Bankruptcy judge rules on new Coach America filing
Judge Kevin Gross of the United States Bankruptcy Court for the District of Delaware granted approval on Thursday on a series of first day motions filed by Coach America Holdings, Inc. to help support company customers, employees, suppliers and business partners. Coach America Holdings Inc. filed for Chapter 11 bankruptcy on Tuesday in the U.S. Bankruptcy Court for the District of Delaware. As of late November the company, with its more than 3,000-vehicle fleet, had $402 million in debts and some $274 million in assets.
Coach America was granted the following motions: payment of pre-petition and post-petition employee wages, salaries, business expenses and benefits, including medical, dental and life insurance benefits for current employees; interim approval for debtor-in-possession (DIP) financing of $30 million for use by the company to continue operations and purchase and pay for goods and services; and financing authority to pay certain pre-petition commitments that are necessary in the course of conducting business.
The DIP financing package was provided by a steering committee of Coach America’s existing senior lenders. The court has scheduled a Jan. 27 final hearing on DIP financing.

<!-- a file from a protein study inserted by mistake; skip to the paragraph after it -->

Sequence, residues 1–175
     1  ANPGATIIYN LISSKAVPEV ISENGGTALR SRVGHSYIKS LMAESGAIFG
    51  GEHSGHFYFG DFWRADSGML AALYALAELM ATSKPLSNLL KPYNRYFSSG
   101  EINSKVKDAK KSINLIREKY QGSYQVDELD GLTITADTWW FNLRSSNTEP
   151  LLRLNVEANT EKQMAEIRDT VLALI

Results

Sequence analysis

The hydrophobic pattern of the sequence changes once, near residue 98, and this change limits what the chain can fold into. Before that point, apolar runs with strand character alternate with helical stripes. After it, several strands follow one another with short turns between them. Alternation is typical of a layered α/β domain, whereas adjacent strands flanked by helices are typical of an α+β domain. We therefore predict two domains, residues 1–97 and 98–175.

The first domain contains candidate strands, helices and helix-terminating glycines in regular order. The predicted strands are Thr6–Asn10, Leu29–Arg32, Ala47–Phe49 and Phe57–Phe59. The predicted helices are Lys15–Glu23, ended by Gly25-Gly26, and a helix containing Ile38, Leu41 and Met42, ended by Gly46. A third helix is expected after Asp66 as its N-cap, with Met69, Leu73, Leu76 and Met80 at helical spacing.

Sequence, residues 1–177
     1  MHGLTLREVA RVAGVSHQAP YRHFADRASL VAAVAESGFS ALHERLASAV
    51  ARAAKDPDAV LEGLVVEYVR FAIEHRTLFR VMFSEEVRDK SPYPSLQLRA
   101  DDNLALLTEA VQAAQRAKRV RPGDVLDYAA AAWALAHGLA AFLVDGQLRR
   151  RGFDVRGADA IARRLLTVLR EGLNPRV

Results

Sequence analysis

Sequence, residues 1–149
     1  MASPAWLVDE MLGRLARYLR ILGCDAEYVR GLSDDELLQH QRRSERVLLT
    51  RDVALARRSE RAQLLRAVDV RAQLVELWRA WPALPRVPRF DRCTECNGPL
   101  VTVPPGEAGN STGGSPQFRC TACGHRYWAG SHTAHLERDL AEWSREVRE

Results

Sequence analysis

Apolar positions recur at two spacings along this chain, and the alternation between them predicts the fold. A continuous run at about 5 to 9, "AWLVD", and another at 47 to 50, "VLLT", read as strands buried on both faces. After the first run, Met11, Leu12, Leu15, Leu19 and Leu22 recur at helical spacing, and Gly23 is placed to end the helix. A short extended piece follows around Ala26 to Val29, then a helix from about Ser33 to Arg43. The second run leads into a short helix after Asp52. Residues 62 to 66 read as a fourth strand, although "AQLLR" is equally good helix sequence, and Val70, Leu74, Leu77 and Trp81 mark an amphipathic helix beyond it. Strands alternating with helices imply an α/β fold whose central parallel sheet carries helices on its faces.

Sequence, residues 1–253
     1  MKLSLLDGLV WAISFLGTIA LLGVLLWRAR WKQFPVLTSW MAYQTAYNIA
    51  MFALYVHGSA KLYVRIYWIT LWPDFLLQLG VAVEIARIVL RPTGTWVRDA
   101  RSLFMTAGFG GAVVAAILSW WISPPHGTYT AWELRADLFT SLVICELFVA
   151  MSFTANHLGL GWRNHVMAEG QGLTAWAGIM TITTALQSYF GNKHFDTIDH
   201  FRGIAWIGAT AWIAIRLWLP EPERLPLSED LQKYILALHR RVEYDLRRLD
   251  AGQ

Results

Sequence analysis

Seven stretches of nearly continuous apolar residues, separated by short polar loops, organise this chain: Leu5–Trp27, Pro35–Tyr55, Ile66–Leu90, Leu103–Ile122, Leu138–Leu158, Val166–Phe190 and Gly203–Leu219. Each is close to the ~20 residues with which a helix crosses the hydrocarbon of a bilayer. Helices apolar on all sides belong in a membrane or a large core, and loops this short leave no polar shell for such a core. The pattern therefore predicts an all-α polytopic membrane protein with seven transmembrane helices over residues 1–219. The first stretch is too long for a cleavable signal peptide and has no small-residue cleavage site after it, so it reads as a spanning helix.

In late November 2006, Fenway Partners, a middle market private equity firm, entered into an agreement to acquire Coach America, then the largest tour and charter bus operator and the second largest motorcoach services provider in the U.S., from Kohlberg & Company. The New York firm acquired Coach America for $60 million. The company was generating $393 million in revenues at that time. Fenway became the company’s largest shareholder when it invested in Coach America back in 2006.
Red flags around the company’s financial situation appeared in February 2011 when Coach America’s lenders, along with Fenway Partners, amended and restated the company’s senior secured credit facility new investment and debt-to-equity conversion together totaled close to $50 million.
“The approval of Coach America’s first-day motions by the court is an important initial step in the restructuring process and allows us to move forward with our normal operations, including paying vendors and suppliers in the ordinary course of business,” said George Maney, CEO of Coach America. “We remain focused on serving our customers, and believe that the prompt approval of these ‘first day orders’ is good news for the company, as well as for our customers, employees, suppliers and business partners.”
Meanwhile, on Wednesday Standard&Poor’s Ratings Services lowered its corporate credit rating and first-lien debt issue rating on Coach America Holdings Inc. to ‘D’ from ‘CCC’. At the same time, Standard&Poor’s lowered its second-lien debt issue rating to ‘D’ from ‘CC’. The ‘D’ ratings reflect Coach’s Chapter 11.
– Glenn Swain